Mexico Sued in Rights Case
MEXICO CITY -- The government of President Vicente Fox has been sued in the Inter-American Court of Human Rights over the case of a U.S. citizen convicted of murder 11 years ago solely on the basis of a confession obtained by torture, officials said yesterday.
The case of Alfonso Martin del Campo Dodd marks the first time a complaint has been filed against Mexico in the court, an arm of the Organization of American States. The case was brought on Thursday by the Inter-American Commission on Human Rights, the court's sister organization, which reviewed the Martin del Campo case last year and recommended it be reopened. The commission also recommended the release of Martin del Campo and that he be compensated for his decade behind bars.
The Mexican government did not comply, so the commission filed its complaint with the court. Mexico is legally bound by treaty to comply with the court's ruling. Proceedings of the commission and the court are confidential, but details were provided by officials familiar with the case.
Fox took office in December 2000 promising to clean up Mexico's record of human rights abuses and torture, which has long been practiced by Mexican police and soldiers.
Mariclaire Acosta, Fox's top human rights adviser, said in an interview last year that if the rights commission recommended Martin del Campo's release, Fox would find a way to comply. Acosta could not be reached for comment. But an aide, Juan Jose Gomez Camacho, said the government was "still working to resolve" the case.
Toll in Ferry Wreck Raised
DAKAR, Senegal -- Nearly 1,900 people appear to have drowned when a Senegalese ferry capsized in heavy seas last September, almost double the initial estimate, the prime minister said.
Only 64 people escaped from the Joola, which was built to carry 550 passengers and turned over after being caught by gusts of wind and heavy rain. It was one of Africa's worst maritime disasters.
"As I speak to you, we have counted 1,863 victims," Prime Minister Idrissa Seck told parliament. Earlier counts put the toll at around 1,000.
The wreck lies on the floor of the Atlantic Ocean off the coast of Gambia, with most of the bodies still inside. Senegalese authorities plan to tow it to their territorial waters and turn it into a memorial.
U.S. Soldier Hurt in Shooting
BERLIN -- A U.S. soldier was seriously wounded by gunfire after he pulled his car off the road in southern Germany to clear ice from the windshield, police said. There were no arrests, and German investigators and U.S. military officials said there were no indications it was a terrorist attack.
The 26-year-old private first class from the Army's 1st Infantry Division was wearing civilian clothes when he was shot in the left hand and leg while on his way to barracks at Schweinfurt, 60 miles east of Frankfurt, police said. Police investigators are focusing on a personal motive for the attack.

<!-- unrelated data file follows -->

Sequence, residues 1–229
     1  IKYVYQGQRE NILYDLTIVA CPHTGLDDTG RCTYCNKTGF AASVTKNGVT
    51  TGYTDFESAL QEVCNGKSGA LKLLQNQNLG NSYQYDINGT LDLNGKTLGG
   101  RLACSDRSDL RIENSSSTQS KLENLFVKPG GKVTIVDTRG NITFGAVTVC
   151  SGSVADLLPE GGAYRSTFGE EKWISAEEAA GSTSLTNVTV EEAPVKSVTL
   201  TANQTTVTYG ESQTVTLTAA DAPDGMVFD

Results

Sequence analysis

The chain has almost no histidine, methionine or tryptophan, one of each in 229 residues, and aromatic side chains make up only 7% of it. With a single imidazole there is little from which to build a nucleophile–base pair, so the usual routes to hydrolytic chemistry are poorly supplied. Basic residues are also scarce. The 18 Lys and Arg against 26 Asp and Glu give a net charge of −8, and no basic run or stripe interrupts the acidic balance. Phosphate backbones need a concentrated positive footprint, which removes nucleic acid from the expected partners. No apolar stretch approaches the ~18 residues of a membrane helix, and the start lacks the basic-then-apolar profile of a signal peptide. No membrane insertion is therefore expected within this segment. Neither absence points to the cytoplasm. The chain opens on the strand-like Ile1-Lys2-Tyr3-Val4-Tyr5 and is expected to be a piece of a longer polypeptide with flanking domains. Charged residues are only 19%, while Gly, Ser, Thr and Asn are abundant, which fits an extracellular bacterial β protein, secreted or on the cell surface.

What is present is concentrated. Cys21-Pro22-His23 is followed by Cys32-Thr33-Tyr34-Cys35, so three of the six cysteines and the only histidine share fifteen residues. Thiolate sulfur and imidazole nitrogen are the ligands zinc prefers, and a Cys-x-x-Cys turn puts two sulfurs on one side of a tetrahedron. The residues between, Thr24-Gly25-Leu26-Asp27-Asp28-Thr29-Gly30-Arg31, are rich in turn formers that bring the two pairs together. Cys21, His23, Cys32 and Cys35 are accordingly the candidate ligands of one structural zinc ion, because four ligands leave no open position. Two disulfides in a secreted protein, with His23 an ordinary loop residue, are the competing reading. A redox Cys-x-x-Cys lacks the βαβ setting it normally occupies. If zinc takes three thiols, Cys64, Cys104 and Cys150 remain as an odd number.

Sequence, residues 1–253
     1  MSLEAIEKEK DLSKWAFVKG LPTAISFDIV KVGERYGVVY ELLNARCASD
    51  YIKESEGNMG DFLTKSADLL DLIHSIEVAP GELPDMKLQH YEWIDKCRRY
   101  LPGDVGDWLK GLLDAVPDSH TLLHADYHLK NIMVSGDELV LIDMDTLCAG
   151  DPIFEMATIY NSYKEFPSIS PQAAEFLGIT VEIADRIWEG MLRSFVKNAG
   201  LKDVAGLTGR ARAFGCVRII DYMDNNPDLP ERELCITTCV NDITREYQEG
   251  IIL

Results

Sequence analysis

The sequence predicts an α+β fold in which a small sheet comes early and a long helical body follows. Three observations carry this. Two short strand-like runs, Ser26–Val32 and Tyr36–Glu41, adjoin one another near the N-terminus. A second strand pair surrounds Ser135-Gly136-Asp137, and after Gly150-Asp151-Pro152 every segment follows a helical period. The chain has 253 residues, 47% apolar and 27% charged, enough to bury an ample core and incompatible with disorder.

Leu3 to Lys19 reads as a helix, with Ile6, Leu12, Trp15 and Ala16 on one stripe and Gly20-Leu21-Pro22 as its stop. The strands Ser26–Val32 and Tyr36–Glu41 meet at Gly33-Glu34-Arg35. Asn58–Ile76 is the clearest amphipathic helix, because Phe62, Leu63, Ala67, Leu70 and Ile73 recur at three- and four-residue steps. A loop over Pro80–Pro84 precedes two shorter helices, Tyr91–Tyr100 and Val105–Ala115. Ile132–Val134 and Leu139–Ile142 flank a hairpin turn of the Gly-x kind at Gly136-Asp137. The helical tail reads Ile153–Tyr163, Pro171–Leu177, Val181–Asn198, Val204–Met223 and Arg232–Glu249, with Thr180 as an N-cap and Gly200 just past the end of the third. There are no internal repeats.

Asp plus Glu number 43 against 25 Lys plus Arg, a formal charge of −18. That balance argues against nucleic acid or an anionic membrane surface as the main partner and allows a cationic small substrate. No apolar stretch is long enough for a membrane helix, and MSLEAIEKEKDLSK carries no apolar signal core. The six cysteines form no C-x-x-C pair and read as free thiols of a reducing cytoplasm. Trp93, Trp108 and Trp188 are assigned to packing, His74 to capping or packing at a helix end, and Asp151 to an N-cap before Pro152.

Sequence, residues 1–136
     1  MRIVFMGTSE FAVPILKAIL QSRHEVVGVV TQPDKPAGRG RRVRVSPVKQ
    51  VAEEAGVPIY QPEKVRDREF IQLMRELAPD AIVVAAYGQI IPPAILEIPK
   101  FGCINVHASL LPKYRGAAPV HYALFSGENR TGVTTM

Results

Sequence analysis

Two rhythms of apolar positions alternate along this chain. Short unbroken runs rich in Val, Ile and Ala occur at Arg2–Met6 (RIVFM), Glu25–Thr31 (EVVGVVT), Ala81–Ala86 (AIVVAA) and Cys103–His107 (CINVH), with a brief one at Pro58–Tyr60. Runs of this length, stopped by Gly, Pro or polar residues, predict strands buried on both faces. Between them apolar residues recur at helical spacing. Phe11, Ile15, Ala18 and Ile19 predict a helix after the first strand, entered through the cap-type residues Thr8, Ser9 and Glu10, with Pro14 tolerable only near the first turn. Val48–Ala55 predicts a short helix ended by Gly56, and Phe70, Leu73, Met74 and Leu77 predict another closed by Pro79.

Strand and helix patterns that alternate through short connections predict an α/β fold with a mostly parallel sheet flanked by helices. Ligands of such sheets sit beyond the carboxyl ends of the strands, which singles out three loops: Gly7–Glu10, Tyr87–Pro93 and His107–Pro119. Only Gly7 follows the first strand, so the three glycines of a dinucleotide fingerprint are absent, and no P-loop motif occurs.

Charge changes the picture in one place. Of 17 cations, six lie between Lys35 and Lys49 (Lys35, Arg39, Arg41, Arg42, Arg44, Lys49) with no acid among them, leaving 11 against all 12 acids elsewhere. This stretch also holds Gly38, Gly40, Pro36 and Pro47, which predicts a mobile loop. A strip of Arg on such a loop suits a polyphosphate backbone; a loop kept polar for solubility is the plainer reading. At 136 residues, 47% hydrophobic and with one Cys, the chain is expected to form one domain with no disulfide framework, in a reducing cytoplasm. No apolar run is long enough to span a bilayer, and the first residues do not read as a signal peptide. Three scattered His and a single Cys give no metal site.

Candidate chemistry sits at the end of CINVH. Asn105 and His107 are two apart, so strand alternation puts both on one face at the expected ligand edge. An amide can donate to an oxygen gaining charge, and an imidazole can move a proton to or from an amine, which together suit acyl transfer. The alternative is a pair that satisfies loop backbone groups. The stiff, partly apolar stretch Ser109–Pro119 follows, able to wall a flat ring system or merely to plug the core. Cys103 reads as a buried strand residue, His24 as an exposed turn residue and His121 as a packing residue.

Serb Convicted of War Crimes
PRISTINA, Yugoslavia -- A Serbian former mayor was found guilty of war crimes for the deportation and forced labor of ethnic Albanians during Kosovo's war.
Andjelko Kolasinac was sentenced to eight years in prison at a retrial held at a local district court in the U.N.-run province, said Andrea Angeli, a spokesman for the U.N. mission in Kosovo.
A panel of international judges convicted Kolasinac on three counts, including deportation and registration of ethnic Albanians for forceful displacement, forced labor and failure to prevent looting in the southern town of Orahovac.
Schroeder Reacts to Election
BERLIN -- Chancellor Gerhard Schroeder accepted personal responsibility for two state election defeats on Sunday for his party -- including in his native Lower Saxony -- but rejected the possibility that the vote would result in realignments at the national level or even his resignation.
"I'm not thinking about it, and others are not thinking about it," he said.
His Social Democrats suffered the worst electoral losses since 1945 in Hesse and Lower Saxony states. Schroeder acknowledged the election was a strong voter rebuke of his government's performance on economic and labor reforms.
In an attempt to regain voter confidence, he pledged to speed labor, health and pension reforms and said the government had done a bad job explaining its reform agenda.
FOR THE RECORD
A court in Serbia issued an arrest warrant for Slobodan Milosevic's son Marko, who has been charged with assault and is believed to be hiding in Russia. . . . The deaths of seven teens in a massive avalanche in British Columbia this weekend, less than two weeks after an avalanche in the same area killed seven adults, prompted urgent calls for vastly improved systems for predicting danger in the Canadian "high country."